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Cubbies Get a Warm Welcome in Mesa

By Paul Tooher

Don’t blame Mesa, Ariz.

Chicago Cubs fans can find plenty of reasons why their favorite team has failed to win a World Series since 1908. But the Arizona city appears to be doing all it can to help the team achieve its illusive goal.

In fact, it has poured millions of dollars into providing a new spring training complex for the Cubbies to replace HoHoKam Field, which was considered one of the best stadiums in the major leagues, according to Bleacher Report.

The Cubs, who first made Mesa their spring training home in 1952, had threatened to decamp to a location in Florida unless the city agreed to build a new 15,000-seat stadium.

Mesa responded by spending $84 million in public money for the ballpark, several practice fields and a 70,000-square-foot clubhouse that will serve as the Cubs’ Western headquarters.

The city also will spend an additional $7.7 million more to turn next-door Riverview Park into a showplace that will be linked to the ballpark by “Wrigleyville,” a commercial development with a Sheraton hotel, shopping and other amenities.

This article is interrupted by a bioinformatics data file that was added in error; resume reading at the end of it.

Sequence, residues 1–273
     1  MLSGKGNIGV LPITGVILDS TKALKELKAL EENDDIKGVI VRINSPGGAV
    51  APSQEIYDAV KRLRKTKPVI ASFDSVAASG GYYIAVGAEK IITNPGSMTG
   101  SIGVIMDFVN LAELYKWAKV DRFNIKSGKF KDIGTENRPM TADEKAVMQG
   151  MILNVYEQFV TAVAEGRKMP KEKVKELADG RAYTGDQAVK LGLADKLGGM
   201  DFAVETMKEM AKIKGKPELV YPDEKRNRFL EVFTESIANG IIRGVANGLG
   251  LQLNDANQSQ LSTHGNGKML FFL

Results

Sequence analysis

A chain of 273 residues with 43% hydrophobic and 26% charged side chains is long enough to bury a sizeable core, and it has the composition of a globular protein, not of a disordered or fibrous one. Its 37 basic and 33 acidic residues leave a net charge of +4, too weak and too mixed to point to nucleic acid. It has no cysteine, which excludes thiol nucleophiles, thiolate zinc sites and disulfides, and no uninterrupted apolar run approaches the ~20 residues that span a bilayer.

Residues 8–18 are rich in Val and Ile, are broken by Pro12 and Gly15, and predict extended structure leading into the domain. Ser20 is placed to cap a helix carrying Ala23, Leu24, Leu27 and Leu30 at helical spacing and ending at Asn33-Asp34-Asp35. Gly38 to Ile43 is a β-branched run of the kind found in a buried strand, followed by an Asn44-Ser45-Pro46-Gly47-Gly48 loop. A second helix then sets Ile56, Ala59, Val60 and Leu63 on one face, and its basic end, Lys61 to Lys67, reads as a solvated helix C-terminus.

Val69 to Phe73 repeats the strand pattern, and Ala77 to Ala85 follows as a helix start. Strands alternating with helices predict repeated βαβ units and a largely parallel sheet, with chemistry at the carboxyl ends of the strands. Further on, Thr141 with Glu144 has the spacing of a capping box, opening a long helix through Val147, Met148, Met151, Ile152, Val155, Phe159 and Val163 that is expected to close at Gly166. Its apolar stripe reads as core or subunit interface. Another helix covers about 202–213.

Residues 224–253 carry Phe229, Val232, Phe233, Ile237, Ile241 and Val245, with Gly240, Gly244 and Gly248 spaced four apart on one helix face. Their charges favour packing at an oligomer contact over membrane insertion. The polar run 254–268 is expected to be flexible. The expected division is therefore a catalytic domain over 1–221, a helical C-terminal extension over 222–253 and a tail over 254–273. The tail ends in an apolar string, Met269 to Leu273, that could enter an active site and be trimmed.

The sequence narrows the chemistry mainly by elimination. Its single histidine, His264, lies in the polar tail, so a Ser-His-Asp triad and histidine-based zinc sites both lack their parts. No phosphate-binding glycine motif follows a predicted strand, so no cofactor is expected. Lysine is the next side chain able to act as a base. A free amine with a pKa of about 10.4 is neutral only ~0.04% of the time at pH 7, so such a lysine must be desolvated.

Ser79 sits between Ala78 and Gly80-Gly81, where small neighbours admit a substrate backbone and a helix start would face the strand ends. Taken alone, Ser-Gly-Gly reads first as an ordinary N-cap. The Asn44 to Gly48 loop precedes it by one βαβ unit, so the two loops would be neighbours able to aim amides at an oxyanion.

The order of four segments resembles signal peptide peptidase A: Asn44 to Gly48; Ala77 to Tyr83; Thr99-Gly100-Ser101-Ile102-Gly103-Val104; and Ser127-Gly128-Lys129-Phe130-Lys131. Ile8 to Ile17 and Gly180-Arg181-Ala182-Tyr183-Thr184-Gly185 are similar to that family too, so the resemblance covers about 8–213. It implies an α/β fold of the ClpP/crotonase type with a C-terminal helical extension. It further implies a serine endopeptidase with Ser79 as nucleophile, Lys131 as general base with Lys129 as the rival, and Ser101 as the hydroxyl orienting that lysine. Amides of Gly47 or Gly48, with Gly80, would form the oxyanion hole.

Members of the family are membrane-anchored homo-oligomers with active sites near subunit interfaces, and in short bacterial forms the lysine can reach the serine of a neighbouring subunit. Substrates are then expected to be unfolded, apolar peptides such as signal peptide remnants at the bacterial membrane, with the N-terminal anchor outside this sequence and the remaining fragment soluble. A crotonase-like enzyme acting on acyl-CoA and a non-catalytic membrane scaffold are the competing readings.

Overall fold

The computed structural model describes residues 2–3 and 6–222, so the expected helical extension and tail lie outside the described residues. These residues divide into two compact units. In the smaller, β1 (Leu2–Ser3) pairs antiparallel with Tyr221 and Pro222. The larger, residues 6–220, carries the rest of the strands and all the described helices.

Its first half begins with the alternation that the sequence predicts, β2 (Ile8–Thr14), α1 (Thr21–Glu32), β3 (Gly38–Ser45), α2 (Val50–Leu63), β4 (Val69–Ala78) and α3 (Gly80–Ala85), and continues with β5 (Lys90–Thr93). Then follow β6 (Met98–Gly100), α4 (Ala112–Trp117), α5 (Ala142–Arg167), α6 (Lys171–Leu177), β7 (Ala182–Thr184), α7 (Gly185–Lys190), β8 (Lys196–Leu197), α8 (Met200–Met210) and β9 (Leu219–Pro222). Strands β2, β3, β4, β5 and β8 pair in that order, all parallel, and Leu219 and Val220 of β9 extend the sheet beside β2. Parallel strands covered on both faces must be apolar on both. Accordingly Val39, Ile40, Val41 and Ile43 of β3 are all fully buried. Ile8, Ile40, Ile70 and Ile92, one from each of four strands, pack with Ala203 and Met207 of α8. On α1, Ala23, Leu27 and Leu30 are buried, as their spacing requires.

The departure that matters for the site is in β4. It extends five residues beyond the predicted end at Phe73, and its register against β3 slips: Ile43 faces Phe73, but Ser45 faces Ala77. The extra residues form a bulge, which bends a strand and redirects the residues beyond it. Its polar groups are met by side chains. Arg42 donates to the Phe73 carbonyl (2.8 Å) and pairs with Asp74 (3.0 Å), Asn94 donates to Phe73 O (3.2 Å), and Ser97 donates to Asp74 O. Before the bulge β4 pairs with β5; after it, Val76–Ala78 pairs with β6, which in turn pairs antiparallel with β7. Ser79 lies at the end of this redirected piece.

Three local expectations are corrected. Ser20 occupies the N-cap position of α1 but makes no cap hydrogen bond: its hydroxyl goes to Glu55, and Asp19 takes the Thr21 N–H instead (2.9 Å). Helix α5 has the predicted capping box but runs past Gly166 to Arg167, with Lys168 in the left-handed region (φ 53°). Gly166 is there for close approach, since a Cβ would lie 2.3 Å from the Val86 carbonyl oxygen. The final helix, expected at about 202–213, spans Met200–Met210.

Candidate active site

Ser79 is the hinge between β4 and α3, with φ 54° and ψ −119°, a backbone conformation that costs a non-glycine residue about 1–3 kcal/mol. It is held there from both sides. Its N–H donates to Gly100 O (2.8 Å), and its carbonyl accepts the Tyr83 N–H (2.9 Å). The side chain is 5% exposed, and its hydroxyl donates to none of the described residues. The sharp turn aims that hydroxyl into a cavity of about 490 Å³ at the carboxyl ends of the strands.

Meanwhile, the Oakland Athletics, who currently train in Phoenix, will be moving into a redeveloped HoHoKam Park in 2015.

In addition to Mesa, the teams with the best spring training facilities, according to Bleacher Report, include the New York Yankees’ George M. Steinbrenner Field in Tampa, the second largest metropolitan area in Florida; the Los Angeles Angels’ Tempe Diablo Stadium, in Tempe, Ariz.; the San Francisco Giants’ Scottsdale Stadium, in Scottsdale, Ariz.; Peoria Sports Complex, shared by the San Diego Padres and the Seattle Mariners, in Peoria, Ariz.; the Boston Red Sox’s JetBlue Park at Fenway South, in Ft. Myers, Fla.; Camelback Ranch, shared by the Los Angeles Dodgers and the Chicago White Sox, in Phoenix; the Baltimore Orioles’ Ed Sullivan Stadium, in Sarasota, Fla.; the Philadelphia Phillies’ Bright House Field, in Clearwater, Fla. and the Atlanta Braves’ Champion Stadium, in Kissimmee, Fla.

Aside from civic pride, does it make economic sense for a community to spend millions on spring training facilities?

Apparently not, according to one economist who studied the matter.

“There’s absolutely no need for any community to invest in a sports team,” said Philip Porter, a sports economist at University of South Florida in Tampa,

According to Porter, “nothing changes” when a team skips town. Sales tax, property values, and the size of the tax base generally remain at comparable levels “That finding is so universal as to be irrefutable,” Porter says.

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